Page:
From casual recreation to the Paralympics, a growing number of programs are helping visually impaired people flex their athletic muscles.
Paraplegics were depressed and discarded. Then one doctor had an idea: Let them play sports.
In the very professional world of Paralympic sport, athletes often train alongside Olympic athletes, sharing expertise, know-how, fitness plans and coaches. Yet knowing how much is too much for disabled athletes is crucial.
Skiing has always been a trademark sport of winter games, Paralympic or Olympic. In fact, the first winter competition held for people with disabilities, in 1948, was an internationally competitive three-track skiing contest. Today, the Paralympic Games ski-print the slopes with two main skiing events: Nordic skiing and Alpine skiing. In popularity, Paralympic ice sled hockey—with its aggressiveness, competitiveness and parallels to Olympic ice hockey—draws the largest crowd of spectators. Wheelchair curling slides into the lineup this year, adding a new element to the Games.
When the Paralympic Games begin in Tokyo on Aug. 24, more than a dozen athletes—sprinters, long-distance runners, cyclists, long-jumpers, table tennis players—will compete wearing prosthetics made by Össur, a company itself founded by an amputee.
The delegations ruling the medal table at the Paralympics share a common trait: During the past decade they decided to invest the resources necessary to afford their athletes the same respect, coaching, equipment and opportunities that able-bodied athletes receive.
From the Wasatch Range in Utah to the Canadian Rockies and the Korean Peninsula, they have transformed what had recently been a modest endeavor into a professional pursuit.
“As an athlete and female entrepreneur, I want to continue to use my platform to represent the possibilities in and out of sport. We have been able to create a lot of change and momentum behind not only Adaptive Action Sports as a brand, but adaptive action sports as a community.”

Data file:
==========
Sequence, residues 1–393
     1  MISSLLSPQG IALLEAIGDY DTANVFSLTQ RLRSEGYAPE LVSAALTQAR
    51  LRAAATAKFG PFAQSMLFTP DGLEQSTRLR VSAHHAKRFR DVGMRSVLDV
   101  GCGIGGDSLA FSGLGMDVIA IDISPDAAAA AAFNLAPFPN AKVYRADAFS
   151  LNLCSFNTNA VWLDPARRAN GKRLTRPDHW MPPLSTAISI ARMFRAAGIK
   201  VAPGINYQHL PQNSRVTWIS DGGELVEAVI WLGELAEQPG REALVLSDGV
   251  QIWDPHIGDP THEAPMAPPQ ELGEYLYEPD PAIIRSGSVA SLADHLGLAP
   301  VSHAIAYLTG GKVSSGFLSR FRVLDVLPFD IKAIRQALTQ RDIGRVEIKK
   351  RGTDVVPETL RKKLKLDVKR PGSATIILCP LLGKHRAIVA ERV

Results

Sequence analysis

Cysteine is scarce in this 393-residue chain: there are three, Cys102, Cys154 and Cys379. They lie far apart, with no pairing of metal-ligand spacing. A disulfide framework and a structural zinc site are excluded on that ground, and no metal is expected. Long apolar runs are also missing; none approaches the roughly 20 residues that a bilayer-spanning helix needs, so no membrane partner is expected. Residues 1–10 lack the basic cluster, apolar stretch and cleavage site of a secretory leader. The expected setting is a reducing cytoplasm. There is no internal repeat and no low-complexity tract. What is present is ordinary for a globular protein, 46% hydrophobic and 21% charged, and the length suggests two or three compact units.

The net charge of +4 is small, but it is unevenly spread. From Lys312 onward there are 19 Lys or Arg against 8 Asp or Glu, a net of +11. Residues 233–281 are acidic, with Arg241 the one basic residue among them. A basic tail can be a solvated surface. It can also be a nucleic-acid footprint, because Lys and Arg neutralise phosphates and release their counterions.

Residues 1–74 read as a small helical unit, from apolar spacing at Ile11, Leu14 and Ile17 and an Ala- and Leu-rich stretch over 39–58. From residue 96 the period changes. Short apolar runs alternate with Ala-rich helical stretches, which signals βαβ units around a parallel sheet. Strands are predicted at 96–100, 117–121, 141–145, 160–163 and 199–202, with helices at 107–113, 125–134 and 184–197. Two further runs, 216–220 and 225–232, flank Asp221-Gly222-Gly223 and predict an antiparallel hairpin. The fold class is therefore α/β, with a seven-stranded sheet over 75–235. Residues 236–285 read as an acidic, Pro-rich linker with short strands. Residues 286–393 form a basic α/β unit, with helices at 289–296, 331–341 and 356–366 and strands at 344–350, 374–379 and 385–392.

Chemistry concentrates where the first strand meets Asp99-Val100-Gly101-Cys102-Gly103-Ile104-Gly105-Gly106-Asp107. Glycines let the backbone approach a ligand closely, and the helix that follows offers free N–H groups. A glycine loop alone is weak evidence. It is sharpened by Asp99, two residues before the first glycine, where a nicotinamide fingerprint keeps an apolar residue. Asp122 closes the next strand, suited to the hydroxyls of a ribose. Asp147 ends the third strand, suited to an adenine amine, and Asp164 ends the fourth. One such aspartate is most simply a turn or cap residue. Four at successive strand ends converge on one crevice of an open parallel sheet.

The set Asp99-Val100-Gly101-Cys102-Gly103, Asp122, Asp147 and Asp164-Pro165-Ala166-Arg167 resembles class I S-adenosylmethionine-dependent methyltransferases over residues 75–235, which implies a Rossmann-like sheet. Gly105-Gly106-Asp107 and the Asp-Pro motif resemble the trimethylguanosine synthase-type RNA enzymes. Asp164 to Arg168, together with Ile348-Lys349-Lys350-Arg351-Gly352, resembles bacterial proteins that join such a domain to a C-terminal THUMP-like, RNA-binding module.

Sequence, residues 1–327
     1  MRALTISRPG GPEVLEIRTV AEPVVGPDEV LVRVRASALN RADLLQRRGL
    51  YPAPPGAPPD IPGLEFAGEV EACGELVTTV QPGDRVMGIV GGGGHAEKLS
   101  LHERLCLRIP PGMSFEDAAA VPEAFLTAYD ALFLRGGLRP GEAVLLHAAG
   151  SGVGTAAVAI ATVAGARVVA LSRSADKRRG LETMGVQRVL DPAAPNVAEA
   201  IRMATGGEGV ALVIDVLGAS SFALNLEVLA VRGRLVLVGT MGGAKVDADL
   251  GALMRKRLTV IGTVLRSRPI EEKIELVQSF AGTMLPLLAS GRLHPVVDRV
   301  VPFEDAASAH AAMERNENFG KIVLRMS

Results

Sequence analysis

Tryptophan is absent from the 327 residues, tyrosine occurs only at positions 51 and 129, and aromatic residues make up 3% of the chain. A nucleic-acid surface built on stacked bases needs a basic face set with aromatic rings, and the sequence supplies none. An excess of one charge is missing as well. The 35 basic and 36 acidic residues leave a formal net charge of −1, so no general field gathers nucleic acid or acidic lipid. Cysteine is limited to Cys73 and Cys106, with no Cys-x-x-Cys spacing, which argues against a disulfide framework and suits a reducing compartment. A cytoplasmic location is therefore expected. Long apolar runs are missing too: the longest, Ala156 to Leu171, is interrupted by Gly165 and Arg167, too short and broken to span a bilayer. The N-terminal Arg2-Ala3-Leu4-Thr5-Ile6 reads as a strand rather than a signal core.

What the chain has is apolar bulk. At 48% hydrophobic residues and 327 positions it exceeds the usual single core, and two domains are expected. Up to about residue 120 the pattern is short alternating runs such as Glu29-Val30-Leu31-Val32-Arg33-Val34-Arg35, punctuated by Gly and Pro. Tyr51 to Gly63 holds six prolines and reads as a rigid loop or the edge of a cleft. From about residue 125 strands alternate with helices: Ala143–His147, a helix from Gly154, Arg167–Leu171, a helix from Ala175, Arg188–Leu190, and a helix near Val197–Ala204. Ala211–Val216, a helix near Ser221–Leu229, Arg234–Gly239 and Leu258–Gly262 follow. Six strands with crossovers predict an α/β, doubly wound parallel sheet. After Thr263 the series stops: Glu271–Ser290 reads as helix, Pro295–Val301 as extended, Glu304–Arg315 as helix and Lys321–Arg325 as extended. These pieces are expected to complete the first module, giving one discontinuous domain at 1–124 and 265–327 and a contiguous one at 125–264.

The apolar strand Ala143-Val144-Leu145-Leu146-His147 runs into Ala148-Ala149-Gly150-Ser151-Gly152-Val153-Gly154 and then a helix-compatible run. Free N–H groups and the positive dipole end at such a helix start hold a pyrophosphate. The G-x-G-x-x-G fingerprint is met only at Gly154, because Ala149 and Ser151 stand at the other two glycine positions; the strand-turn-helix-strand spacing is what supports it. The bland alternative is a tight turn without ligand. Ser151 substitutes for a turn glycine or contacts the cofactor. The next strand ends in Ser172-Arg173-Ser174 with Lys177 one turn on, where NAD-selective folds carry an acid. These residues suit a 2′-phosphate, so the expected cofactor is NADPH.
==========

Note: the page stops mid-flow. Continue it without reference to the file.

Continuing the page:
When I heard that they were postponing the Paralympics for a full year I really asked myself if I should miss this opportunity. I don’t want to sound like I am taking advantage of something bad happening, but this is something I really wanted to do. I want to swim again. I want to compete again. I want to be a part of a team.
The success of 2012 London Paralympic Games was a turning point in disability sport, though momentum has stalled. In 2018, the number of disabled people participating in sport has dropped by 10% since 2012. Covid-19 has no doubt posed fresh challenges to the sector, but philanthropy can play an important role to support these athletes in their endeavors.
Enough of those stupid political conventions! It’s time for the Olympics! Or more to the point, the Paralympics, the quadrennial world stage where athletes with disabilities can speak the common language of sports and excel in ways that, for the last fifty-plus years, has reaffirmed the obvious – we are just like you.
Official website of the Paralympic Movement.
We are the British Paralympic Association, or the BPA. As the National Paralympic Committee (NPC) for Great Britain, it is our responsibility to select, prepare, enter, fund and manage the Great Britain and Northern Ireland team at the Paralympic Games. This team is known as ParalympicsGB.
The USOPC is focused on protecting, supporting and empowering America’s athletes, and is responsible for fielding U.S. teams for the Olympic, Paralympic, Youth Olympic, Pan American and Parapan American Games, and serving as the steward of the Olympic and Paralympic movements in the U.S.
Everyone has a “disability” – some just aren’t as evident as others. As a Paralympian, Weggemann not only addresses how society looks at disability, but also how society looks at disability in the pool.
Path to Success is supporting women in disability sport as they seek to achieve their dream of winning a Paralympic Medal.